Reflections of a Death Cafe facilitator

I held my first Death Café in September 2014, and since then have held them on a regular basis each month in various locations around Sydney.  At a Death Café, people from all walks of life, often strangers, gather together to talk about end-of-life issues.  While I facilitate the group, discussion is always group directed, agenda-free and takes place in an open, warm, respectful and inviting forum where everyone attending can express their views safely and without fear of judgment or ridicule.

In my experience, neither age nor gender is a barrier when it comes to talking about death, and in the time I’ve been running Death Café attendees have ranged in age from as young as 13 to folk in their mid-80’s.  While men do attend Death Café, they are generally in the minority and are usually outnumbered by women, and while there are ‘regulars’ who come and go, at every Death Café I’ve held, there are always first-timers who attend.

There are many reasons for people wanting to come to Death Cafe, but one of the most common is that people just want to talk about death without fear of being perceived as ‘morbid’, ‘ghoulish’, or ‘depressing’.  Sometimes people have had a near-death experience which they want to explore, sometimes someone close to them has died and they’ve experienced after-death contact with the deceased, some people are curious or have just always been interested in death and the possibility of an afterlife, and some are looking for ways in which they can have death-related conversations with either friends, family, or in the case of medical professionals such as nurses or medical students, death-related conversations with patients and their families.

Contrary to what you might think, Death Café is not sad, morbid or depressing, in fact it’s the opposite; affirming, validating, and comforting.  Conversation is profoundly meaningful because people explore their mortality and their attitudes toward death in an environment and forum where nothing is off the table, which can be quite liberating.

For example, at one Death Café, some attendees talked not so much of death and dying, but of their fears for those left behind while others shared their experiences of being present at various deaths.    One attendee articulated that people have to be made aware of death so as not to be afraid of it and shared a story of taking her two young children to view a full-term still-born baby, kept beside it’s mother in hospital, while another attendee, speaking softly, shared her out of body experience when after an accident she watched the doctors operating on her in hospital.  After recounting a particularly poignant account of the death of someone close, and becoming quite tearful and apologising, another attendee said matter of factly, “It happens” which resulted in a round of laughter from everyone present.  Yes, death does happen!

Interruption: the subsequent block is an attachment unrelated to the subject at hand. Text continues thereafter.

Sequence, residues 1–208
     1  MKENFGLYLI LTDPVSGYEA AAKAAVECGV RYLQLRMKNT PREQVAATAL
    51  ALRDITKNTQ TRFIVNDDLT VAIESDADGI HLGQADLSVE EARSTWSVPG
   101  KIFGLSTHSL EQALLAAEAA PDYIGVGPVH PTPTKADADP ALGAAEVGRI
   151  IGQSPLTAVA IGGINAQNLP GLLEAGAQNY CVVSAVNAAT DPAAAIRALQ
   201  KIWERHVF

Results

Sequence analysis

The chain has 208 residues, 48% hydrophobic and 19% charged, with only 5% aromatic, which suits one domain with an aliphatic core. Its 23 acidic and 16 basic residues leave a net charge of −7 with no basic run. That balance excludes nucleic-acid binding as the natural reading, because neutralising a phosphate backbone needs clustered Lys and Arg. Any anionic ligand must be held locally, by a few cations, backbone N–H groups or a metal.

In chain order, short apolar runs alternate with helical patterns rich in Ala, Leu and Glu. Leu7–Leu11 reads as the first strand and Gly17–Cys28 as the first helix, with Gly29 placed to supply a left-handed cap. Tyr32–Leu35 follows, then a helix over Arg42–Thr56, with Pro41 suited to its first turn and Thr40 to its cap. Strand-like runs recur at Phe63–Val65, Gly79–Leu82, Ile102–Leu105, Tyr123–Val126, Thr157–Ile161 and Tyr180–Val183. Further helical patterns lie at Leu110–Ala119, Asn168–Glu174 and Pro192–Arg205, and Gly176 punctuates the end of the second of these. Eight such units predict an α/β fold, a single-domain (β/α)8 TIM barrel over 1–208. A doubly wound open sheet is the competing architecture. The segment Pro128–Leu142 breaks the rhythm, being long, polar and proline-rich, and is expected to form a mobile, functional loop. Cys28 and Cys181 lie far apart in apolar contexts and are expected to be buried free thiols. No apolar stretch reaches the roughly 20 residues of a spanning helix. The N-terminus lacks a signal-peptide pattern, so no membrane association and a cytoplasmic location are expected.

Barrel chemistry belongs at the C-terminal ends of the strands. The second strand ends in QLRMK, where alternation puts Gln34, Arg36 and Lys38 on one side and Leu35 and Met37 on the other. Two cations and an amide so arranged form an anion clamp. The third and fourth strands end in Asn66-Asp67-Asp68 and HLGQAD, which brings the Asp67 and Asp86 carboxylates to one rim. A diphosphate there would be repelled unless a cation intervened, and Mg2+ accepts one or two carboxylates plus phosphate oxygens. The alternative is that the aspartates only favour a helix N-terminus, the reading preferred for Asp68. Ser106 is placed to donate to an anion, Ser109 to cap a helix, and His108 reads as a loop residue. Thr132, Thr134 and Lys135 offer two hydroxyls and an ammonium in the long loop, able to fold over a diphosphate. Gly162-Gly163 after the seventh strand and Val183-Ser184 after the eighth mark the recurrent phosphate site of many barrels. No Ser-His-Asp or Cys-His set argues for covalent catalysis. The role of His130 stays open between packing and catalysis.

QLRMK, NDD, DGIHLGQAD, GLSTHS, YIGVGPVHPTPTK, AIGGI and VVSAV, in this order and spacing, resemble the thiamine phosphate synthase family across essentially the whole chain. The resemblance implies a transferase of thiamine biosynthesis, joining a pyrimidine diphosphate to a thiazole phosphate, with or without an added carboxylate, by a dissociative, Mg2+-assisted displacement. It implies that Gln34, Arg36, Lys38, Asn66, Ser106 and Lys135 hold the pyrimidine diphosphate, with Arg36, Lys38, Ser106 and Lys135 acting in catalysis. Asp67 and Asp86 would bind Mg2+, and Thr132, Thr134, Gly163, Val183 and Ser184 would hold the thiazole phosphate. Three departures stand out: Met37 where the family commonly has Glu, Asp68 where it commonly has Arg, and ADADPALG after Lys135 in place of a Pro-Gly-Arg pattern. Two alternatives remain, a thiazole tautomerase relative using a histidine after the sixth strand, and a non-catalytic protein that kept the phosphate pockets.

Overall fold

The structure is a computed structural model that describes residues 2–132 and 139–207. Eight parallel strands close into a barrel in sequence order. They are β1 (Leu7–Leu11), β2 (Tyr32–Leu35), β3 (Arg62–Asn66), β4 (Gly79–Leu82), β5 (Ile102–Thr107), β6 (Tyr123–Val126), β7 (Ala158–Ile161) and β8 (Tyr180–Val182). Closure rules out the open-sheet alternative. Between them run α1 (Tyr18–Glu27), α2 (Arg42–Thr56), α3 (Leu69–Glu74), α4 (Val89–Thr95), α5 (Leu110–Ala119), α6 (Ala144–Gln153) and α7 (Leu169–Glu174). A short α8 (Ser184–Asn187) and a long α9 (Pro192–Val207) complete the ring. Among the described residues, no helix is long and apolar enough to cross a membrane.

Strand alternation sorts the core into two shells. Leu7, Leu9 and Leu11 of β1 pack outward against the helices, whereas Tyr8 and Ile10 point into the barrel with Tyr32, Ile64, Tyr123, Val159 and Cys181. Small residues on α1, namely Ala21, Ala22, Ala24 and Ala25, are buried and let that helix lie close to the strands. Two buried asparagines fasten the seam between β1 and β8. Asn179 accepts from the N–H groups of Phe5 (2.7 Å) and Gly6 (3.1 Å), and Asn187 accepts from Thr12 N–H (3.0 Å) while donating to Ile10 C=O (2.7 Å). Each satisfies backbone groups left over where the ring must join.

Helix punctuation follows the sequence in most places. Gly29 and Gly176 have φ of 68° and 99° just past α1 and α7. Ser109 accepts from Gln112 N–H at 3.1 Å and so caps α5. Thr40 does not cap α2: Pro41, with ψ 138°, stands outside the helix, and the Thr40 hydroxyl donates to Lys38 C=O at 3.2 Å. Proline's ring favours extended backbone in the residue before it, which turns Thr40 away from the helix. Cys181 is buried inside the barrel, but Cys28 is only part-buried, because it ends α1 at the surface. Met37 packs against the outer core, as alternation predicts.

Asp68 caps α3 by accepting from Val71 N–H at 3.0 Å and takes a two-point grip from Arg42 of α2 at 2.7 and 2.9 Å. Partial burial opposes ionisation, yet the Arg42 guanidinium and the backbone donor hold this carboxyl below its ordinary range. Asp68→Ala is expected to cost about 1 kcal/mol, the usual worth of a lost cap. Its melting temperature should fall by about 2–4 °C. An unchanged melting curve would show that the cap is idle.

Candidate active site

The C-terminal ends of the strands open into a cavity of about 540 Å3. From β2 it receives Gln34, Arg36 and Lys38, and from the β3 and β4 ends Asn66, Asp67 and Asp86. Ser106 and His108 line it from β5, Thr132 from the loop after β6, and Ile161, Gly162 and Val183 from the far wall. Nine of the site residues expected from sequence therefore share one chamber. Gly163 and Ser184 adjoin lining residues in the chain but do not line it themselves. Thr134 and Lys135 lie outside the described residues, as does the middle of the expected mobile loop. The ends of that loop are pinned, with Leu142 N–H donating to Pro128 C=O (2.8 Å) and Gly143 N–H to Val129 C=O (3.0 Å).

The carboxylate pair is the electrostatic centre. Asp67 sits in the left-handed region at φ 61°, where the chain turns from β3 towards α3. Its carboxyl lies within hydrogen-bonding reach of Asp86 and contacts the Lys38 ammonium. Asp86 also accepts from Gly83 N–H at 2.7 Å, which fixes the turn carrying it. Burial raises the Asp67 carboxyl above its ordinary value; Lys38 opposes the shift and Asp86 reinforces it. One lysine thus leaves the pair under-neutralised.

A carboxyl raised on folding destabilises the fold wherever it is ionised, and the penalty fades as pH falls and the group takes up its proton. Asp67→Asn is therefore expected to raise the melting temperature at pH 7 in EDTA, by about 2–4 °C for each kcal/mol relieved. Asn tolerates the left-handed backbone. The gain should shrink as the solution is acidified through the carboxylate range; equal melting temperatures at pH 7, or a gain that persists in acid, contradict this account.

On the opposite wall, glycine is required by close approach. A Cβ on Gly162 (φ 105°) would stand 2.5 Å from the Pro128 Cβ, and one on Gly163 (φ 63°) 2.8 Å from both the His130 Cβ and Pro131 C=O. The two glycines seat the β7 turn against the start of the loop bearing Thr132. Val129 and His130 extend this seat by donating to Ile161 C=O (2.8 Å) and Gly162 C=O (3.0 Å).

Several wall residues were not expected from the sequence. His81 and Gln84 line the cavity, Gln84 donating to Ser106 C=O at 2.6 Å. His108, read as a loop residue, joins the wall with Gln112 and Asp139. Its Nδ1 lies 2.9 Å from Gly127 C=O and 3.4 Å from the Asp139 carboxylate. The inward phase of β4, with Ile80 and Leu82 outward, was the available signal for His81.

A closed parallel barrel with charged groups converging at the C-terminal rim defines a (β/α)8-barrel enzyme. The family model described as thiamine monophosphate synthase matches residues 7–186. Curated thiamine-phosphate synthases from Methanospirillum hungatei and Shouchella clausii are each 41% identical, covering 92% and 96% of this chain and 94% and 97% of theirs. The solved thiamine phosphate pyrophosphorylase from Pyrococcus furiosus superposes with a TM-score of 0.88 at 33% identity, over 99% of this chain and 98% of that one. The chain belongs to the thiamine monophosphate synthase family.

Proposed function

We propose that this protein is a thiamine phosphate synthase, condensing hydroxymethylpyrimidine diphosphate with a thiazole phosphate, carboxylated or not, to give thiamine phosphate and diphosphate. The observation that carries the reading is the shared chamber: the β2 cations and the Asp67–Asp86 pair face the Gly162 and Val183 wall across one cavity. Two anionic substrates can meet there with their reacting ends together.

Another attendee shared some of her experiences of being present with the dying, commenting on the things that people do to let you know when death is about to occur, which brought back memories of the death of my own mother and what she did.  Another attendee highlighted the importance of understanding the language used by the dying as death approached, and of knowing how to be present in that context with them. We also talked about how we would like to be “sent off”.  Some preferred cremation, one longingly talked about going out in the style of the Vikings!  We also compared the death rituals of other cultures with our own Anglo Western culture, which so often sanitises and medicalises death.

In reflecting on my experiences of Death Café, people do want to have these conversations, young, old and in-between.  I can’t say that I’ve noticed an increase in young people, say for example those in their teens twenties attending, but that could be a result of how I advertise and promote the Death Café, which is usually via social media or a mail-out in which previous attendees receive an email advising them of the upcoming event. Globally, humanity is at a tipping point and death, which is never far from our door, is much closer to us because of our technology; distance is no barrier to news of acts of terror, natural disasters and civil unrest.

I think that death makes us think about life.  It makes us think about how we are living our lives, about what we are living for, and about what our purpose is.  Asking oneself, “Why was I born?” is a fundamental question which we should challenge ourselves with.  Death is a certainty, but we are not born simply to die, there is a purpose to our birth, and we need to discover for ourselves what that is.


Michele T Knight Written by:

Dr Michele Knight is a Social Worker, Social Scientist, researcher and independent scholar. Her interest and research in the end-of-life has its origin in the lived experiences of her own bereavements, her near-death and shared-death events, the returning deceased and attitudinal responses to those experiences. Since 2006, she has been extensively involved in community development, support and advocacy in both a professional and community services/voluntary capacity in the areas of bereavement and grief, hospital pastoral care, and academic lecturing/tutoring. Her PhD, Ways of Being: The alchemy of bereavement and communique, explores the lived experience of bereavement, grief, spirituality and unsought encounters with the returning deceased.

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